ATLANTA, Georgia — Some 300 protest rallies were held worldwide ahead of a last-ditch parole board hearing for US death row inmate Troy Davis, whose planned execution sparked an international movement.
Davis is set to be executed September 21 for the 1989 shooting death of a police officer in Savannah, Georgia, but his supporters say there is strong evidence supporting his claim of innocence.
A vast protest rally marched through downtown Atlanta late Friday, ending their demonstration at the Ebenezer Baptist Church, the spiritual center of the civil rights movement in the 1960s under Martin Luther King.
It was standing room only at the church after the march, and at least 1,000 people had to be turned away, church member Marvin Brinson told AFP.
Rallies for Davis started earlier in Hong Kong and carried on throughout the day in the United States, Latin America, Europe and Asia, said Laura Moye, the Death Penalty Abolition campaign director for Amnesty International USA.
Another 10 events were held in France on behalf of Davis, who is scheduled to die by lethal injection next week at a prison in Jackson, Georgia, south of Atlanta.
On Thursday, petitions with 663,000 names were handed to the Georgia Board of Pardons and Paroles urging clemency. The board convenes Monday to consider the case.
Around 200 people chanted "free Troy Davis" and "what do want? Justice! when do we want it? Now!" at a rally held outside President Barack Obama's campaign headquarters in Chicago.
One woman held a handmade-sign that said "Hey Obama take a stand! Don't let Georgia kill an innocent man."
The parole board is made up of five members and it takes a simple majority to decide a case.
"We hope the message they hear is that there is too much doubt in this case," Moye said. "Can we even rely on the conviction of Troy Davis? Can we be sure we are not going to execute someone who is innocent?"
In the more than two decades that he has been in jail for the murder of white police officer Mark Allen MacPhail, Davis, who is African-American, has maintained his innocence.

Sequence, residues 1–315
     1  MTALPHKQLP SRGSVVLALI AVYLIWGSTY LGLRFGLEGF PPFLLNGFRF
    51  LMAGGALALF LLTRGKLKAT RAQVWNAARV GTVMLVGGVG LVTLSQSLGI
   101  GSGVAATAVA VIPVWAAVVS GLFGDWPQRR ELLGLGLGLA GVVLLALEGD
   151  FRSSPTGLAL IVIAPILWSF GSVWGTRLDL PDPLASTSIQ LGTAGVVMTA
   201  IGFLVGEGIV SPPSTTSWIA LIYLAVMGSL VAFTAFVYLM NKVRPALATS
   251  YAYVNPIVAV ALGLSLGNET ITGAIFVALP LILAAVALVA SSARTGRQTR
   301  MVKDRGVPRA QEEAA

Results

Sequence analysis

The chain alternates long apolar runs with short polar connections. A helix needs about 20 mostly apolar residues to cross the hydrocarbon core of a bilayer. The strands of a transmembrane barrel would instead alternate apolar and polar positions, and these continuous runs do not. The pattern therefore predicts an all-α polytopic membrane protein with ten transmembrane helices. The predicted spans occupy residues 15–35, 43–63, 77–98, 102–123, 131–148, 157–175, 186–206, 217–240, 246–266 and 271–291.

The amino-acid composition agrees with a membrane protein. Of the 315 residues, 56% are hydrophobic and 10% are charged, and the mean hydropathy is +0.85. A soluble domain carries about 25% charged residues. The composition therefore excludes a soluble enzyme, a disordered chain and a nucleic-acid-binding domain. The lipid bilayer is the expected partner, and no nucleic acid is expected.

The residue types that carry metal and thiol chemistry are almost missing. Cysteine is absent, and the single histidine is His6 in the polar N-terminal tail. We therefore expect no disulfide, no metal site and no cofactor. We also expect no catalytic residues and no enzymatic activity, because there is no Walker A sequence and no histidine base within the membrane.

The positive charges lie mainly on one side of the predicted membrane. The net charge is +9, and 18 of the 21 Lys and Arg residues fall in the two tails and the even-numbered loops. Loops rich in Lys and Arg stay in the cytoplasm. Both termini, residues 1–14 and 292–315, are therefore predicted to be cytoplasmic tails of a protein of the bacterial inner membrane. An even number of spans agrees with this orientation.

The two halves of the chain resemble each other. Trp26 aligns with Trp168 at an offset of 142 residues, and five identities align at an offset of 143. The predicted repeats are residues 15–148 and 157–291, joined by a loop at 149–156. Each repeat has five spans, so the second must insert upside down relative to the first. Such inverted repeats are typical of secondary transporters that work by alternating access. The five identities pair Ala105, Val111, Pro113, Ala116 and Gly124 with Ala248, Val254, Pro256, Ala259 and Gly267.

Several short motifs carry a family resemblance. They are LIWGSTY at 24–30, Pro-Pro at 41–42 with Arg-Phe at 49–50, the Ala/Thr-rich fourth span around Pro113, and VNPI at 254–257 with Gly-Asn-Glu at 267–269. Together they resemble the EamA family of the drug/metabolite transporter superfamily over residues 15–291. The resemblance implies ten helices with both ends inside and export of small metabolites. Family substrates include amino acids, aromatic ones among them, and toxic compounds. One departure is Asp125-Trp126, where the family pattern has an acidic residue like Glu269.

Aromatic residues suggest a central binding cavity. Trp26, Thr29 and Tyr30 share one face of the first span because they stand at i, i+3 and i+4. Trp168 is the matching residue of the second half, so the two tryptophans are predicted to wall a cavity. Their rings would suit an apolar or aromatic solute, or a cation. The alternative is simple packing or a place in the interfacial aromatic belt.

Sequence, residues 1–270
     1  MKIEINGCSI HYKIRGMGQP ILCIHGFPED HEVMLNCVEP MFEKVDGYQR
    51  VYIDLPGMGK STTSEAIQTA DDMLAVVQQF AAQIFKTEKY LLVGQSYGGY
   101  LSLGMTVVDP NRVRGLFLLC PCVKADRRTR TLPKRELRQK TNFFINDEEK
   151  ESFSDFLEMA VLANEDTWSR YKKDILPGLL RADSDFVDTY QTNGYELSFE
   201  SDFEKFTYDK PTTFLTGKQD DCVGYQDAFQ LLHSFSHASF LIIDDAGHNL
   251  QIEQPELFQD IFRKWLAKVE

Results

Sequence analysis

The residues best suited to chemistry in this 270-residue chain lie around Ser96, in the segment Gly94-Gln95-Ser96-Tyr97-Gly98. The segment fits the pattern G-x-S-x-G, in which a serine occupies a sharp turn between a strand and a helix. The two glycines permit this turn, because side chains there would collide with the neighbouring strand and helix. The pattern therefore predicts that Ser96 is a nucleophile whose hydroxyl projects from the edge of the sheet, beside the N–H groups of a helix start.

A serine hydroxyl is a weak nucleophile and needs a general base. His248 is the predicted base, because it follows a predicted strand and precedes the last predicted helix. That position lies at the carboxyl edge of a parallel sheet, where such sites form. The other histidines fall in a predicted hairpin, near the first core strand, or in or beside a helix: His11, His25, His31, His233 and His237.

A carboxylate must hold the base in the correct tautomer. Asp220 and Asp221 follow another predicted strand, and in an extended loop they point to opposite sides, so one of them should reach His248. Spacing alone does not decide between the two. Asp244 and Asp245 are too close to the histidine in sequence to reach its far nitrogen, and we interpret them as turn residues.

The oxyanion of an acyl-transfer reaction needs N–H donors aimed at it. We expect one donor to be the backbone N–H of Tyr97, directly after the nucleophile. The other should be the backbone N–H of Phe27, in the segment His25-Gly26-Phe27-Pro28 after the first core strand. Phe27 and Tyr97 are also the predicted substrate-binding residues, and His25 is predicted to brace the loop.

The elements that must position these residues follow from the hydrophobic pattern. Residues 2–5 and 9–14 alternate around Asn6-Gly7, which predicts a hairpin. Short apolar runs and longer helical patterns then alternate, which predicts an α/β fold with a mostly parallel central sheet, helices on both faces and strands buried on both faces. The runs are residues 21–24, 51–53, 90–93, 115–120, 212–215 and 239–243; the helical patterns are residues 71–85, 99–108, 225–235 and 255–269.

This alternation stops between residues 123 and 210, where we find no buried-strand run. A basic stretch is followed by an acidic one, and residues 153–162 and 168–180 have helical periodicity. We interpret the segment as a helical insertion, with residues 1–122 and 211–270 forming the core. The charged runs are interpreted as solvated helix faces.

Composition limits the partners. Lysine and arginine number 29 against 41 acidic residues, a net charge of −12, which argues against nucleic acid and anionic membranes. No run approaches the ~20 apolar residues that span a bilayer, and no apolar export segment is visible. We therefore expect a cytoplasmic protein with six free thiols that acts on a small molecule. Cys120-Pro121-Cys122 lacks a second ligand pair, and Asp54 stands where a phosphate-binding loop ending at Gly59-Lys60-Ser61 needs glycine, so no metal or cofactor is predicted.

Seven of the nine witnesses who gave evidence at his trial in 1991 have recanted or changed their testimony.
No murder weapon was ever found, no DNA evidence or fingerprints tie Davis to the crime, and other witnesses have since said the murder was committed by another man -- a witness who testified against Davis.
The case has became internationally famous as the face of what critics call a corrupted justice system in the deep US south, with a black man wrongly and hastily convicted of killing a white officer.
American Civil Liberties Union attorney Tanya Greene said the events will carry on over the weekend, saying there were busloads of people arriving from the suburbs.
"There is a great mobilization, this is more than I have known in recent history... because it's so clear that he was railroaded, the witnesses lied. We have all the evidence now," she said.
"It has energized people, there are a lot of organizations all across the US and all across the world, not necessarily focused on death penalty regularly, because they say that this is an injustice that we all should pay attention to. Because if it can happen to him, it can happen to anyone."
The petitions delivered to the Georgia parole board included signatures from 26 former death row prisoners who were exonerated of their crimes.
The US Supreme Court became involved in 2009 and ordered a federal judge in Savannah to convene a hearing to consider new evidence.
In August 2010, however, a US District Court in Georgia ruled that Davis had failed to prove his innocence and denied him a new trial. The top US court turned down a subsequent appeal.
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